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The spine consists of small irregular bones called vertebrae. The vertebrae line up and together form the vertebral column.
A hole in the center of each vertebra forms a tunnel called the vertebral canal. The spinal cord and spinal roots are located within the vertebral canal. Discs made of fibrocartilage tissue are located between adjacent vertebrae.
The spinal cord carries activity from the brain to the rest of the body. Injuries to the spinal cord are associated with weakness or paralysis.
Intervertebral discs may deteriorate with resultant herniation. Intervertebral discs material may herniate upward and come to rest against the spinal cord causing damage and pain.
Degenerative disc disease is actually not a disease but a phrase used to describe the aging changes in spinal discs. Spinal discs are soft, compressible discs that separate the vertebrae that compose the spine. These discs act like shock absorbers for the spine and allow the back to bend and twist.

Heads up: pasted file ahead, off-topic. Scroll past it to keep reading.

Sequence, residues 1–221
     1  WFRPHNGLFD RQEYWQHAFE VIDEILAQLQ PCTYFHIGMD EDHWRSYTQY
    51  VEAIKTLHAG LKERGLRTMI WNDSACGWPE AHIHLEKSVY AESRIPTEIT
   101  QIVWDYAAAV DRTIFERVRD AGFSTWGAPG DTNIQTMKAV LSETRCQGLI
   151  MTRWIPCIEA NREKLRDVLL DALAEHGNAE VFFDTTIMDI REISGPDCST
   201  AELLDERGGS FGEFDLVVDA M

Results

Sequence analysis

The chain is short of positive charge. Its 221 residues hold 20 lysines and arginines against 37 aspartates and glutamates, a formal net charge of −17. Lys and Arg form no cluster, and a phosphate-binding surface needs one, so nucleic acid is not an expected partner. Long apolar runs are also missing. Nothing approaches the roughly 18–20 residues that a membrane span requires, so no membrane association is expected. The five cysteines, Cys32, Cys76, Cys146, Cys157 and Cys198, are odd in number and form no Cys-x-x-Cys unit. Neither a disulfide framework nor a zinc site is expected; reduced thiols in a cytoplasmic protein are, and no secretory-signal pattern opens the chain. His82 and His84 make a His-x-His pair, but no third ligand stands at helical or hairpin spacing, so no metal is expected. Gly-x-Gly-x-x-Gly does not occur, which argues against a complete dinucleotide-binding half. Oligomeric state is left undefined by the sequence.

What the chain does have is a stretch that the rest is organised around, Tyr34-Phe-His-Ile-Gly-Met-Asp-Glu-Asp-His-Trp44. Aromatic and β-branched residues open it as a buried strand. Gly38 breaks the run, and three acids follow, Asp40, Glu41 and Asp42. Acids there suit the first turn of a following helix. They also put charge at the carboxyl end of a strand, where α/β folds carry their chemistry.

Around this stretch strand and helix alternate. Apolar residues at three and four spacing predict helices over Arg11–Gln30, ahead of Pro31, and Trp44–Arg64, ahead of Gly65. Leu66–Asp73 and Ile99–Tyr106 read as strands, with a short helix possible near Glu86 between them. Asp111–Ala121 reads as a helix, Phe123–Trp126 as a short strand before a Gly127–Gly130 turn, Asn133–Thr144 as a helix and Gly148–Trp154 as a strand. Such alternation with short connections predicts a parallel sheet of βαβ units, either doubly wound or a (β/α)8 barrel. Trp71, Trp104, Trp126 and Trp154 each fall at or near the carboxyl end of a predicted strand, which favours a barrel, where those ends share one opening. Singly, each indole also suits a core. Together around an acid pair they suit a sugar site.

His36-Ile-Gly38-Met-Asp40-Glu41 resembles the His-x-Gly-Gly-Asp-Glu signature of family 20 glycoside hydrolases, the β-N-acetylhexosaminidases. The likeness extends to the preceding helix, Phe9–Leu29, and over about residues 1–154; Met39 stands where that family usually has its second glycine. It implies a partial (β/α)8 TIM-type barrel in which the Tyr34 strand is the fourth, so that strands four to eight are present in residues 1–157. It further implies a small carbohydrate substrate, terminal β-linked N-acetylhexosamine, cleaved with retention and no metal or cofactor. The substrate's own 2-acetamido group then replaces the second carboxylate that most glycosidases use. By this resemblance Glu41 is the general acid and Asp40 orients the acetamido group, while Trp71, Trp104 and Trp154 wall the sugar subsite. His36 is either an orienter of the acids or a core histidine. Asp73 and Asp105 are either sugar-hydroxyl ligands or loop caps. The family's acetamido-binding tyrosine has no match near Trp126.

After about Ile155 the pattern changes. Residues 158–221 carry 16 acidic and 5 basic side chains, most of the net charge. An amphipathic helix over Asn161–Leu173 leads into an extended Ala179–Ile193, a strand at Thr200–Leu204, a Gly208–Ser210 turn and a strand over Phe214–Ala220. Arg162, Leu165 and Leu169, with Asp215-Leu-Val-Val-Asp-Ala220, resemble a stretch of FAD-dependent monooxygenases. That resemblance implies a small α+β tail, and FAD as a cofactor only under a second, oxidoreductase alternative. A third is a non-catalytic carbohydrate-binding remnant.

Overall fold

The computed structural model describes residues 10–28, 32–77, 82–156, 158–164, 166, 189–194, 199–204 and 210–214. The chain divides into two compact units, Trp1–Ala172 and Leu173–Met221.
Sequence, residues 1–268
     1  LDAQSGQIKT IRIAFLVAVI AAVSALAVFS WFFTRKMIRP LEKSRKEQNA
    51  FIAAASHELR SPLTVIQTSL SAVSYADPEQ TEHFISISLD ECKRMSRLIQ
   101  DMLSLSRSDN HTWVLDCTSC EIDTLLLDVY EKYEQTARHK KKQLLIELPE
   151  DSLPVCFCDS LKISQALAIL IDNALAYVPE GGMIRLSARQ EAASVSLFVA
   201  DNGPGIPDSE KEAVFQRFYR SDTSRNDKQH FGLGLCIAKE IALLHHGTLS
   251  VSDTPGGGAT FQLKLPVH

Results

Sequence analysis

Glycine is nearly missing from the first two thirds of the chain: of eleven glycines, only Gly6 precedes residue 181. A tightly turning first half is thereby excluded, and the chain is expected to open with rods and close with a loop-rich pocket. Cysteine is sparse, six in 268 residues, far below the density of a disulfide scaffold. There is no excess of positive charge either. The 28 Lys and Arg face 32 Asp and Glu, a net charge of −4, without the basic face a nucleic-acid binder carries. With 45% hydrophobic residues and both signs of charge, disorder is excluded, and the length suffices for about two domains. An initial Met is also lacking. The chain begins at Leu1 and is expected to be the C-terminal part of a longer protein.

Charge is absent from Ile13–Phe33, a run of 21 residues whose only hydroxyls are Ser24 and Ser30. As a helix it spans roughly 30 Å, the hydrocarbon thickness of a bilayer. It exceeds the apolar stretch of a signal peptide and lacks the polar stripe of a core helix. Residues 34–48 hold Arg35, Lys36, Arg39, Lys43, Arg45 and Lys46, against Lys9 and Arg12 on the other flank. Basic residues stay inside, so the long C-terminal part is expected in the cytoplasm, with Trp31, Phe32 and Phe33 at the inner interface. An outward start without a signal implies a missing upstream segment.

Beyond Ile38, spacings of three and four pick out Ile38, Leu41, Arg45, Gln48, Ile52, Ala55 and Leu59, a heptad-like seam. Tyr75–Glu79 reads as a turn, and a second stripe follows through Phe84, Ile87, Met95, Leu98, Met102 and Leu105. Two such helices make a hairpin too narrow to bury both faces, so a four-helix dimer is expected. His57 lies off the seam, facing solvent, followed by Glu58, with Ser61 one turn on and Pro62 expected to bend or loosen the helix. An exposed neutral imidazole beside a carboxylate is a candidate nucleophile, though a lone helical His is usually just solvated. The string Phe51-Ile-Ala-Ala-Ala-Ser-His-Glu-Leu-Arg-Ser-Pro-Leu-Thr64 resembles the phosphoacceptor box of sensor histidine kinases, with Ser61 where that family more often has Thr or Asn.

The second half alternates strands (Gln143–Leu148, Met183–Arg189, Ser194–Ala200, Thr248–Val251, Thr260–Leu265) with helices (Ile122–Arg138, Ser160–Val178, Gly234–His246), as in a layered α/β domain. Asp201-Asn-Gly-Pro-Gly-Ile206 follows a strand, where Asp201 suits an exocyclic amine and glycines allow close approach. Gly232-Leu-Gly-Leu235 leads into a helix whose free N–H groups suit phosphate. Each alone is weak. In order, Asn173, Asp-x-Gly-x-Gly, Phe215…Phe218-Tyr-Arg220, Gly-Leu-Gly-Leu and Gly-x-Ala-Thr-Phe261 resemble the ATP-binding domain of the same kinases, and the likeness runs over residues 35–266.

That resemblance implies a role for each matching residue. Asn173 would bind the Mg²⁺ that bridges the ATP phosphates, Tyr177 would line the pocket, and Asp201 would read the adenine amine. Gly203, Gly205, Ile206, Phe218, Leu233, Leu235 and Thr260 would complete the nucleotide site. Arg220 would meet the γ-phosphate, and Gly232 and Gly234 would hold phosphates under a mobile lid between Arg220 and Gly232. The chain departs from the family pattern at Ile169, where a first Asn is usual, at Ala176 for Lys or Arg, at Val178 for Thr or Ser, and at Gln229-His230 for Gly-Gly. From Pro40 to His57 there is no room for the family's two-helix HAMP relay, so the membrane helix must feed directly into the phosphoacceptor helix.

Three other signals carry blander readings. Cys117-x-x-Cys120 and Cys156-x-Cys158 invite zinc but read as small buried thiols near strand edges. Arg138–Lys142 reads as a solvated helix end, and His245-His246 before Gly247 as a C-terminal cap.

Myelogram, MRI of the spine and CT-Scan are valuable diagnostic tools.
MRI Informational Page
Computed Tomography (CT) Scan Informational Page
The bone over the spinal cord is removed (laminectomy or hemilaminectomy).
Herniated disc material is removed from the vertebral canal.